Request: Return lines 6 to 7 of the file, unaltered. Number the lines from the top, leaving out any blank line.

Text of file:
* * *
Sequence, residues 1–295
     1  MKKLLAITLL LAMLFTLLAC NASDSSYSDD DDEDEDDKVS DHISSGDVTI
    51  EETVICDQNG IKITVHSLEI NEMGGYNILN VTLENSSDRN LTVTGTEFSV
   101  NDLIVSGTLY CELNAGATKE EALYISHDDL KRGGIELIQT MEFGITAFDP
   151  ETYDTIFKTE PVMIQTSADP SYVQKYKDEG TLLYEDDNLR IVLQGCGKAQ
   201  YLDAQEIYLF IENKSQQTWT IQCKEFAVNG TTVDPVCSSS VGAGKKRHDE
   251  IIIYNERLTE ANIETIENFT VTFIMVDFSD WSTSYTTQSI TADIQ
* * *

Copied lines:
   201  YLDAQEIYLF IENKSQQTWT IQCKEFAVNG TTVDPVCSSS VGAGKKRHDE
   251  IIIYNERLTE ANIETIENFT VTFIMVDFSD WSTSYTTQSI TADIQ